Contract with a startup and bill a convertible note?


3

Some friends have a great idea for a startup. I like the idea, and I think it will succeed, but I'm not in a place to work on it full-time. I can put in time on the side while keeping my day job.

So instead of paying me with a straight equity share, we're thinking about a scenario where I bill as a contractor and their debt to me is like a convertible note.

In other words, if I do a hundred hours of work at $10/hour, they'll owe me a thousand dollars. That debt is due at some point in the future or when they issue shares I can buy them instead.

For the sake of simplicity, assume no coupons and no discounts exist. We'll put all that into the rate I charge.

Are there any problems with this set up?

Equity Independent Contractor

asked Sep 26 '11 at 07:19
Blank
W. Matthew Wilson
104 points

3 Answers


2

I offered service-providers to my last startup a deal similar to that and it worked out fine: they either got paid at the closing of the first funding round or they converted their Note into options.

The providers liked it because it gave them a choice and I liked it because I got them to work with me.

answered Sep 26 '11 at 21:48
Blank
Dmiller Conj
156 points

1

Since you are a contractor, you don't have to worry too much about the "deferred payment" problem that an employee would face.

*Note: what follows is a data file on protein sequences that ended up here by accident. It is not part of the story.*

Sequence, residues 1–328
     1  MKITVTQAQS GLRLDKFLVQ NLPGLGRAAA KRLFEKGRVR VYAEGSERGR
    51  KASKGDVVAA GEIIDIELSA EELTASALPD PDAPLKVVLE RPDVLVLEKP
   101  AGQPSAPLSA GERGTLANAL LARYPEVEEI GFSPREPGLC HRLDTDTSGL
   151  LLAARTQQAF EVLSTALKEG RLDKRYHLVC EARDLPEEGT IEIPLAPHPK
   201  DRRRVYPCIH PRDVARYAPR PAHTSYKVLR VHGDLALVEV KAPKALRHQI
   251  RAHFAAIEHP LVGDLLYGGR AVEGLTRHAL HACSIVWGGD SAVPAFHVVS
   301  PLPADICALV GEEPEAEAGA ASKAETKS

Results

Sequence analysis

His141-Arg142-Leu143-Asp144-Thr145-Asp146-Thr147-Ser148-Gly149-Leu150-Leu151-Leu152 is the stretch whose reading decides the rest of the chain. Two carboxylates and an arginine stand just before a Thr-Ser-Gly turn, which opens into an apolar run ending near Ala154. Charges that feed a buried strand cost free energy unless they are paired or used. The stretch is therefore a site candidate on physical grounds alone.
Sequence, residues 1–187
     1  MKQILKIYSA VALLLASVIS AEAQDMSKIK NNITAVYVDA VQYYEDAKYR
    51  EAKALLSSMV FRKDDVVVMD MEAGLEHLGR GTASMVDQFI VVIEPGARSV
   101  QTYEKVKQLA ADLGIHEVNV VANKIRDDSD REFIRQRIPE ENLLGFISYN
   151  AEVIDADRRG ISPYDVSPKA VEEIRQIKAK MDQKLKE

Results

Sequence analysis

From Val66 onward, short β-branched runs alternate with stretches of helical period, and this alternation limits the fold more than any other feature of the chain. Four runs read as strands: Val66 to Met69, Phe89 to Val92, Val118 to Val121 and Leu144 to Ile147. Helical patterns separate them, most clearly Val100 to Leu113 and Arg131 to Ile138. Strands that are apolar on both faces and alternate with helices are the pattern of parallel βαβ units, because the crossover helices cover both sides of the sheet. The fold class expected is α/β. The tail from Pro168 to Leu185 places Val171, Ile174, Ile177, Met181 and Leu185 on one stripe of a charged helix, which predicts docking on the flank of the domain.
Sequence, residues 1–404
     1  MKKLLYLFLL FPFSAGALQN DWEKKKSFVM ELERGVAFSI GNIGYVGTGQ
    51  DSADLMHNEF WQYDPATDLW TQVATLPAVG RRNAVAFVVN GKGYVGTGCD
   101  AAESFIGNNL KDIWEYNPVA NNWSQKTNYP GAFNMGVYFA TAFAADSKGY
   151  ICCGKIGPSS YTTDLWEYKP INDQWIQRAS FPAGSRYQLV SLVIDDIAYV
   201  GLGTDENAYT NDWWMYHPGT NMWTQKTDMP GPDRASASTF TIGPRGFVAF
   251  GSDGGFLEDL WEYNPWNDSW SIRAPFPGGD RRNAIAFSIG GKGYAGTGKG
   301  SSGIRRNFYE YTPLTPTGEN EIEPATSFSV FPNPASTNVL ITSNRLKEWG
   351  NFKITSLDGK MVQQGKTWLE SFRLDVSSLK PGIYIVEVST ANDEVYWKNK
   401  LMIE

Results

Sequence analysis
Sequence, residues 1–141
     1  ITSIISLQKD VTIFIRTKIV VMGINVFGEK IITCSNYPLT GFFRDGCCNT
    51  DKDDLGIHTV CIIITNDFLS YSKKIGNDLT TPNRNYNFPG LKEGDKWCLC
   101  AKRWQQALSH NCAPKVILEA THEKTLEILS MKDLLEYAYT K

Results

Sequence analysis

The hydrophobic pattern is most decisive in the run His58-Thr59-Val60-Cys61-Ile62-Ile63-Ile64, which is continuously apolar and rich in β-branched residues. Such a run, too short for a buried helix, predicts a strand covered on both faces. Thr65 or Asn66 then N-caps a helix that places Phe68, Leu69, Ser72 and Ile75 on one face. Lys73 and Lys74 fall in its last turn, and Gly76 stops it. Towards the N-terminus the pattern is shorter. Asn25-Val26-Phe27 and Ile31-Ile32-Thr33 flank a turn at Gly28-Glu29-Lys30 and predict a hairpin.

You can do a simple contract that says you can get paid in stock (or warrants) at a particular conversion rate after hitting a specific amount of money owed. I have seen this done before with a bigger company that charged their costs and got the profit difference in stock (actually, warrants).

I would consult a lawyer to get the wording right but you should not have a problem doing such a deal. Just make sure you get the stock (or warrant) terms correct and how it converts.

answered Sep 26 '11 at 08:04
Blank
Jarie Bolander
11,421 points

0

So the options are?

  • a) Act some what as an employee and get paid an hourly rate, that if the company makes money they will pay you. Otherwise they say, company is bankrupt sorry - no money. (All risk, no real (start-up) reward other than the 'possibility' of getting a side paycheck)
  • b) If they do make the money to pay you, you can then hold out until they offer official shares in the company and be able to use that couple thousand dollars or whatever to 'buy in.' I guess they will be the one determining when shares are offered, and be determining the valuation of it. So it's quite possible that amount of money is going to be able to buy very few shares?
I don't love it :] If you can bring value to the table and they are quitting / going full-time 40 - 60 hours a week then maybe you can commit to 10 - 15 hours a week for a set amount of equity? You have a job so the money probably isn't as critical as having some fun with your friends and the possibility of a larger long term payout or working with them full time.

Might be worth setting some set hours you will be dedicating to it for some equity. If you are confident in them and the idea. AND assuming they are full time. AND assuming you can commit.

If you can't really commit to any regular hours weekly then the offer they purpose is probably fine, just enjoy having some fun with your friends and if it goes well excellent.

answered Sep 26 '11 at 07:51
Blank
Ryan Doom
5,472 points

Your Answer

  • Bold
  • Italic
  • • Bullets
  • 1. Numbers
  • Quote
Not the answer you're looking for? Ask your own question or browse other questions in these topics:

Equity Independent Contractor